Stroop effect: If you can't read these words, your brain is skipping a beat

A simple test can show if our brains are starting to show the first symptoms of deterioration

Don't store avocado like this: it's dangerous

A simple test can show if our brains are starting to show the first symptoms of deterioration

Our brain it is a prodigious but at the same time incredibly fragile machine. Brain decay, contrary to popular belief, does not depend exclusively on aging or the onset of diseases such as dementia and Alzheimer's: stress, multitasking, altered sleep rhythms, sedentary lifestyle, even a wrong diet can deteriorate its functionality and make us "Losing hits".

A simple test that allows us to evaluate some functions related to the attention of our brain and reaction times is the one developed in the 30s by the American psychologist Ridley Stroop and still used today. The test (see a simplified version below) is trivial yet treacherous.

Some simple words, indicating colors, have been written in a different color than their meaning communicates: the candidate is asked to name aloud the color of the ink used to write the words - not the word that was written.

The overlap between graphic form and meaning makes our brain haywire and not all of us are able to respond promptly (and correctly): a slow response time or difficulties in distinguishing what is written from the way it is written may be spies of some malfunction of our brain - dementia and other neurodegenerative diseases brain injury, attention deficit or, more simply, tiredness and fatigue.

What to do if our brains are unable to pass tests such as Stroop's? Without jumping to hasty and tragic conclusions, it could simply be a moment of fatigue or temporary fatigue due to a period of high stress. Our lifestyle can greatly contribute to brain health, slowing down their cognitive decline and averting the risk of dementia and other diseases. Here are some good habits we can introduce into our days to preserve brain health:

  • Make movement. Several studies have shown that practicing physical activity - especially outdoors - has positive effects on gray matter, particularly on the dorsolateral prefrontal cortex, an area involved in action planning is connected to cognitive control. Conversely, a sedentary lifestyle, in which a lot of time is spent in front of the TV, can worsen brain function over time, cause cognitive decline, and even reduce gray matter. Furthermore, let's not forget that sport promotes the release of endorphins, thus improving our mood: another good reason to practice it!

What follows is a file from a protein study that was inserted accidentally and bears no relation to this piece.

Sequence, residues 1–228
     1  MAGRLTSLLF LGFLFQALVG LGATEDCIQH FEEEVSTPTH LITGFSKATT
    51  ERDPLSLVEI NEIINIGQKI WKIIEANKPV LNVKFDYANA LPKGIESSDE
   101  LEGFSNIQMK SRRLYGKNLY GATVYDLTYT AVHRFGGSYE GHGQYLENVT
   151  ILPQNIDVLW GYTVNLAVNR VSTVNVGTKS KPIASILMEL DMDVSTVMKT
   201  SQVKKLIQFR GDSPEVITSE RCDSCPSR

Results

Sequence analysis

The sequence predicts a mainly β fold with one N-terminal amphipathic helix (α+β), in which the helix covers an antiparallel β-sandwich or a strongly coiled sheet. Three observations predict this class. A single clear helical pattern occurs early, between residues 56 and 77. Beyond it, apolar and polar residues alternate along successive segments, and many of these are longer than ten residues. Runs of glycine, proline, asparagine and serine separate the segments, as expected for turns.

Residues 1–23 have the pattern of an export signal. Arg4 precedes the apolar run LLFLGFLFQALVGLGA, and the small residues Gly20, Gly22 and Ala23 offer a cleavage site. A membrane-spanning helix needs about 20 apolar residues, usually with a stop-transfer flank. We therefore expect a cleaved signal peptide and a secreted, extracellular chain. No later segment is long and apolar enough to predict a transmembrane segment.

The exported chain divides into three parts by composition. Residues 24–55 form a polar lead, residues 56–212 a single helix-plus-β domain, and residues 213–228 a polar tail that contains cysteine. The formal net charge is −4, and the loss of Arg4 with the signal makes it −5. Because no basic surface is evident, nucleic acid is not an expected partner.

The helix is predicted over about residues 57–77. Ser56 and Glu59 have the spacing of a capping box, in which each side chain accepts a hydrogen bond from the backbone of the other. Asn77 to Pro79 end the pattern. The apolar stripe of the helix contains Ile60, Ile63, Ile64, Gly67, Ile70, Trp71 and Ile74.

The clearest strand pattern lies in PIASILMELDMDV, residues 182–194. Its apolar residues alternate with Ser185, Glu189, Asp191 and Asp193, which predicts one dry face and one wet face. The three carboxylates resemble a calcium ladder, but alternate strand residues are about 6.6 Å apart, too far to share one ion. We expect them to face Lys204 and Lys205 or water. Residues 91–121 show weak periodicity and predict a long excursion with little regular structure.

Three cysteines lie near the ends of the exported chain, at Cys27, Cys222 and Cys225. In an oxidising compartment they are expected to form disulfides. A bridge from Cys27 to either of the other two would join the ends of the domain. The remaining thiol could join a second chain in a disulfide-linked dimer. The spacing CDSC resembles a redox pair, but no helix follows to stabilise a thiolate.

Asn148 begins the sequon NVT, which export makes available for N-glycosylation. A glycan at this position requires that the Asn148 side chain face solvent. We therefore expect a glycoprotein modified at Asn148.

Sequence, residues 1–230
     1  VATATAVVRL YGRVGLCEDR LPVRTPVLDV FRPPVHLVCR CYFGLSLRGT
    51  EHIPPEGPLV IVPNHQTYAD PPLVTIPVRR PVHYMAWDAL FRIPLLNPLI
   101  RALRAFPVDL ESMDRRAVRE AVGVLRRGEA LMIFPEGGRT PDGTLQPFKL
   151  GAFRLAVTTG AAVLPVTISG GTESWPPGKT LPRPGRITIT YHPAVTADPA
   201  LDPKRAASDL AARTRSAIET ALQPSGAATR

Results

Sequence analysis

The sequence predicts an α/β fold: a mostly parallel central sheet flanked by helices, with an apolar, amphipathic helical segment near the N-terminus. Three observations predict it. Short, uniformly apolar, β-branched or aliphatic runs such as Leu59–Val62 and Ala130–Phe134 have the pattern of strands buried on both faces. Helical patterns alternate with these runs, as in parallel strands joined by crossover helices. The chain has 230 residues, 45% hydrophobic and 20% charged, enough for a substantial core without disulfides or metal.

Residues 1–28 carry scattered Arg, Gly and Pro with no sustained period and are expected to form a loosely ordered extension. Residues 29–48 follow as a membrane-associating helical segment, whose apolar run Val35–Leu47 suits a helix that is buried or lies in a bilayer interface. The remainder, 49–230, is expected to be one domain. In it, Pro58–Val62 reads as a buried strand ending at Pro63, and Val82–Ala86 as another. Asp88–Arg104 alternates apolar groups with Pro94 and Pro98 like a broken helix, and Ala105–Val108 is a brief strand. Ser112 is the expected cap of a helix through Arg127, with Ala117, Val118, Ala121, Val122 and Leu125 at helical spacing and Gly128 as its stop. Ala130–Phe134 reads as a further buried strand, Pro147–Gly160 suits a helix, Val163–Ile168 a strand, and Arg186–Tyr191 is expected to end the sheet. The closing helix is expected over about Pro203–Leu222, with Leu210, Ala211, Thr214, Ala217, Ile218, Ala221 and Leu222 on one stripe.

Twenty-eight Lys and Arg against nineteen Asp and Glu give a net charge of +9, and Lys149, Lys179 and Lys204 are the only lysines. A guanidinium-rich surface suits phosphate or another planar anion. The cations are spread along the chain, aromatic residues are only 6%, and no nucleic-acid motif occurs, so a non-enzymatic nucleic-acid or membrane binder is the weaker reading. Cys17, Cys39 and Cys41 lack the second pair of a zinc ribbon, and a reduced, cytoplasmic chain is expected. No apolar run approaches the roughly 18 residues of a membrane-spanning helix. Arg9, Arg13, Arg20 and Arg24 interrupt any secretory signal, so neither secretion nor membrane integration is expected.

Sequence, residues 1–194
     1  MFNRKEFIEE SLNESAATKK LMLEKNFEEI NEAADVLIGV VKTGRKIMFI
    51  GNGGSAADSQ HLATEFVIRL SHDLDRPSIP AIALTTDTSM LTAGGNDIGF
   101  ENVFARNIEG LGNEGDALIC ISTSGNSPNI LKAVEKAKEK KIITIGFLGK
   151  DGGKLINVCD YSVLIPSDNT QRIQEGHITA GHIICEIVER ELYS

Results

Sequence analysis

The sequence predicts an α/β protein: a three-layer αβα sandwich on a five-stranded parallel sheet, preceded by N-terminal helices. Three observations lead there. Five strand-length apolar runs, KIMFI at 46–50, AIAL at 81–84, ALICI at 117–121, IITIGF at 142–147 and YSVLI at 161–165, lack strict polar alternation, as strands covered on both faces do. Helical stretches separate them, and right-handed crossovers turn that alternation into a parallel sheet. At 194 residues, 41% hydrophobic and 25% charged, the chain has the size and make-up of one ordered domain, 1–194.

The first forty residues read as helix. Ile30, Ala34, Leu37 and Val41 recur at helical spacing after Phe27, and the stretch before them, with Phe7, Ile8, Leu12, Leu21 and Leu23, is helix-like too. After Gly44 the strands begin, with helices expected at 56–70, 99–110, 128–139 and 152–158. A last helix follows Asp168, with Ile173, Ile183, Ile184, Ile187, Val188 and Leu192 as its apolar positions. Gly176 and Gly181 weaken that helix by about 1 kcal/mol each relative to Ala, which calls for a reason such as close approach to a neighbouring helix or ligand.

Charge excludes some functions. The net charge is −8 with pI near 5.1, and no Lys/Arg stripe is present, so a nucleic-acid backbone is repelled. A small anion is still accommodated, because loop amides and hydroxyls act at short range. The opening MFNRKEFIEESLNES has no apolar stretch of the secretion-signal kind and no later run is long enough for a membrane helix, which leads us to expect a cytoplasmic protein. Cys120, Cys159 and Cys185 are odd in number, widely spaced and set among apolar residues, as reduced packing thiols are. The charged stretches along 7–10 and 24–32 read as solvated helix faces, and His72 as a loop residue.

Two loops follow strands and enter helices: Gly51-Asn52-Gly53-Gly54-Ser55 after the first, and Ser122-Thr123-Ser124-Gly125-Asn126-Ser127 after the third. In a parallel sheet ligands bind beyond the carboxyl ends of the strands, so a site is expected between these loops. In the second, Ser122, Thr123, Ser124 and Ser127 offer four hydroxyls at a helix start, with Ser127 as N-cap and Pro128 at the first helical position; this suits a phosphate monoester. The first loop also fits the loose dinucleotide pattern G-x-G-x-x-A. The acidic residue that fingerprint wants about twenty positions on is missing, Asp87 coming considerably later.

• Maintain contact with the world. In an era like ours, in which a large part of interpersonal relationships takes place through a screen, it can be difficult, but it is essential for our psychophysical well-being to keep active a network of social contacts: to have friends with whom to share the experiences can help form memories, keep reasoning skills active, lower stress levels and make you more empathetic. If we think we don't have many friends, we can sign up for a class or gym to meet new people, or join clubs of people who share our hobbies - that way you'll already have a topic to talk about and an embarrassment to break. the ice will be less.
  • Always be curious. No matter what our age, there is always time to learn something new - for the benefit of our brain: learning requires concentration, practice, memory - all skills that keep the brain active and prevent it from aging and deteriorating. Why not learn a new language or start practicing crochet or cross stitch?
  • Sleep well. Sleep is essential for our well-being: sleeping little or badly negatively impacts memory, attention, the ability to make decisions, but it is also a risk factor for dementia and cognitive decline that should not be underestimated. Here are some tips for sleeping better and improving the quality of our waking life.

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Fonte: Journal of Experimental Psychology

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